Recap: Too often we try to understand the Bible from our Western-mindset. We have a poor understanding of Jewish customs and feasts. Yet, they are significantly linked to Jesus and His return.
What does The Feast of Trumpets, The Ten Days of Awe, The Day of Atonement, and repentance have to do with each other? The Feast of Trumpets (Rosh Hashanah) is the Jewish New Year. There are 10 days between The Feast of Trumpets and The Day of Atonement (Yom Kippur). Those 10 days are known as The Days of Awe. These days are used to prepare one’s self through self-examination for a time of repentance and cleansing the heart.
Matthew 5:17-18 Jesus said, “Do not think that I came to destroy the Law or the Prophets. I did not come to destroy but to fulfill. 18 For assuredly, I say to you, till heaven and earth pass away, one jot or one tittle will by no means pass from the law till all is fulfilled.
The Days of Awe (Repentance)
The Ten Days of Repentance are seen as an opportunity for change. The requirements for repentance include a change of heart, a feeling of regret, and a determination to change. Also, a desire to repair the effects of one’s offences, forgive others, and make amends. What is Biblical repentance?
2 Corinthians 7:9-10 Now I rejoice, not that you were made sorry, but that your sorrow led to repentance. For you were made sorry in a godly manner, that you might suffer loss from us in nothing. 10 For godly sorrow produces repentance leading to salvation, not to be regretted; but the sorrow of the world produces death. Repentance = Greek = “Meta-noia” means a change of mind, reversal of one’s decision, to think differently.
It is time we change the way we look at things. See things from God’s perspective – His Word. Time to repent for all misdeeds, especially ones we’ve excused ourselves for. It requires that we look outside ourselves and see the needs of others. To reap the benefits of forgiveness, we must forgive.
Matthew 6:14-15 Jesus said, “For if you forgive men their trespasses, your heavenly Father will also forgive you. 15 But if you do not forgive men their trespasses, neither will your Father forgive your trespasses.” (trespasses = Greek = a side-slip (lapse or deviation), i.e. (unintentional) error or (willful) transgression — fall, fault, offence, sin.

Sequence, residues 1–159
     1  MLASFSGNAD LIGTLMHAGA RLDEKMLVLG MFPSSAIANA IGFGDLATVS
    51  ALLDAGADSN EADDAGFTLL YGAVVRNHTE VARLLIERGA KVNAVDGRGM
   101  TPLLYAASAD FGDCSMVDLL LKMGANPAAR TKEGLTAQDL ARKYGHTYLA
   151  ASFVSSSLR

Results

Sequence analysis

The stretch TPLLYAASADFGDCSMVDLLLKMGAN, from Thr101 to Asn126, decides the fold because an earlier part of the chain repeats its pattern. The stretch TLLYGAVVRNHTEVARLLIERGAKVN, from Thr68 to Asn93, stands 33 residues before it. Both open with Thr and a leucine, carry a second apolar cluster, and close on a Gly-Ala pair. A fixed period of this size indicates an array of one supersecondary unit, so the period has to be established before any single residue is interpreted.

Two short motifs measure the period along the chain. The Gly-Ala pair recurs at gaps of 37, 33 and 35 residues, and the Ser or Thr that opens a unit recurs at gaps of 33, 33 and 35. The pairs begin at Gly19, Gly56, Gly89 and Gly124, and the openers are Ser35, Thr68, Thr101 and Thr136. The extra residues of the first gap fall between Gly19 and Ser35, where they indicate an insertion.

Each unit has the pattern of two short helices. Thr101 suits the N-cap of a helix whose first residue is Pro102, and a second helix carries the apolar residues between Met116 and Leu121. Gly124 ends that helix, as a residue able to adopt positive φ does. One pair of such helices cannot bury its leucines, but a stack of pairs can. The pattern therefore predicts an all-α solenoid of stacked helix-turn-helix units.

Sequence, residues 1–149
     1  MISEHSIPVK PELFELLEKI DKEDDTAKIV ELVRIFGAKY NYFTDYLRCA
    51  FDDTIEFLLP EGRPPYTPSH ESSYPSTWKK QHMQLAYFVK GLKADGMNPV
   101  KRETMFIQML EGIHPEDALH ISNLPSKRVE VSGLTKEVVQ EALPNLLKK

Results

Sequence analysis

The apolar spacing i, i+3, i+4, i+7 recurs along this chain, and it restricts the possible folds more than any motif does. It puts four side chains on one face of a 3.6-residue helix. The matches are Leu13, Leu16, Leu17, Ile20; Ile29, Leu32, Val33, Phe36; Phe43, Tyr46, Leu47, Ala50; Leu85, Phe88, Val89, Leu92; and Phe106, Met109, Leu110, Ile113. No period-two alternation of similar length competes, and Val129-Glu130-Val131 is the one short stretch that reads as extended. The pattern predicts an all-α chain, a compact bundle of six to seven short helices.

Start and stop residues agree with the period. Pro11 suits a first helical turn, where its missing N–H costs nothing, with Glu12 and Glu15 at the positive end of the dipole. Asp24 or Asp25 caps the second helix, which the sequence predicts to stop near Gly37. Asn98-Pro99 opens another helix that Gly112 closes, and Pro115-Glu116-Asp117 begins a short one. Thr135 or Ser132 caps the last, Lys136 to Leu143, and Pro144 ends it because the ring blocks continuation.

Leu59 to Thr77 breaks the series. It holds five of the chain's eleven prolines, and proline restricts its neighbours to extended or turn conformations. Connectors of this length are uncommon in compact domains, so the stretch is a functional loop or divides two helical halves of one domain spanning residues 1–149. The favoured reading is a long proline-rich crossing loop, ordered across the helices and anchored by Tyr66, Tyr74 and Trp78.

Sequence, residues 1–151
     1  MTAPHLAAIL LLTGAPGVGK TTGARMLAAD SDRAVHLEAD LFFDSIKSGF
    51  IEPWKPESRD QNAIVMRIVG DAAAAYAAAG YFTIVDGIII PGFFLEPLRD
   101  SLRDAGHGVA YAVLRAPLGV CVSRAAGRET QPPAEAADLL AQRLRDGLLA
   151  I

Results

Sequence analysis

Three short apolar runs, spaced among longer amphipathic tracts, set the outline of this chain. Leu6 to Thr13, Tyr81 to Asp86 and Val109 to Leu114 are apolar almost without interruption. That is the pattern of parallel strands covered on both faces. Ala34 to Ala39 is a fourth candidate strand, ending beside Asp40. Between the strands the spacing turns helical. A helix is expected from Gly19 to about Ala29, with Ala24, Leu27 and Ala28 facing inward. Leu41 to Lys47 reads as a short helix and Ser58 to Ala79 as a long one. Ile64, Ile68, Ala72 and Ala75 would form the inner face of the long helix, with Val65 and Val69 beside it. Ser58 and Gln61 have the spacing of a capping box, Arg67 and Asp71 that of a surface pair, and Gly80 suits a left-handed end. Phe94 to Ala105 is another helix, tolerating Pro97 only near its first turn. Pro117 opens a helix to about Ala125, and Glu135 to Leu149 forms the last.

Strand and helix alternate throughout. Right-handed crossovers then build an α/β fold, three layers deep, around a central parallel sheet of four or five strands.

Mark 11:25 Jesus also said, “And whenever you stand praying, if you have anything against anyone, forgive him, that your Father in heaven may also forgive you your trespasses.”
Repentance offers us the opportunity to connect to our Creator on a greater level. We just have to seize the opportunity.
Matthew 5:23-24 Jesus’ own words, “Therefore if you bring your gift to the altar, and there remember that your brother has something against you, 24 leave your gift there before the altar, and go your way. First be reconciled to your brother, and then come and offer your gift.” (Example of following directions to Walmart.)
The hurts, pains, and offenses of this world make us forget who we really are. But our spirit-man doesn’t forget. And the further we distance ourselves from our true identity and purpose, the more our spirit-man yearns to return.
Colossians 3:12-13 Therefore, as the elect of God, holy and beloved, put on tender mercies, kindness, humility, meekness, longsuffering; 13 bearing with one another, and forgiving one another, if anyone has a complaint against another; even as Christ forgave you, so you also must do.
You may say, ‘Yeah but you don’t know what they did to me! They don’t deserve my forgiveness.’ Forgiveness is for your sake more than it is for theirs.
Matthew 18:21-35 Then Peter came to Him and said, “Lord, how often shall my brother sin against me, and I forgive him? Up to seven times?” 22 Jesus said to him, “I do not say to you, up to seven times, but up to seventy times seven. 23 Therefore the kingdom of heaven is like a certain king who wanted to settle accounts with his servants. 25 But as one servant was not able to pay, his master commanded that he be sold, with his wife and children and all that he had, and that payment be made. 26 The servant therefore fell down before him, saying, ‘Master, have patience with me, and I will pay you all.’ 27 Then the master of that servant was moved with compassion, released him, and forgave him the debt.
28 But that servant went out and found one of his fellow servants who owed him; and he laid hands on him and took him by the throat, saying, ‘Pay me what you owe!’ 29 So his fellow servant fell down at his feet and begged him, saying, ‘Have patience with me, and I will pay you all.’ 30 And he would not, but went and threw him into prison till he should pay the debt. 32 Then his master, after he had called him, said to him, ‘You wicked servant! I forgave you all that debt because you begged me. 33 Should you not also have had compassion on your fellow servant, just as I had pity on you?’ 34 And his master was angry, and delivered him to the tormentors until he should pay all that was due to him. 35 So My heavenly Father also will do to you if each of you, from his heart, does not forgive his brother his trespasses.”
If you are being tormented by hurtful memories of the past, repent, change your mind. Decide to let it go and be freed from the bondage and weight of bitterness. Remember who you are: blood-bought, redeemed, and created in His image.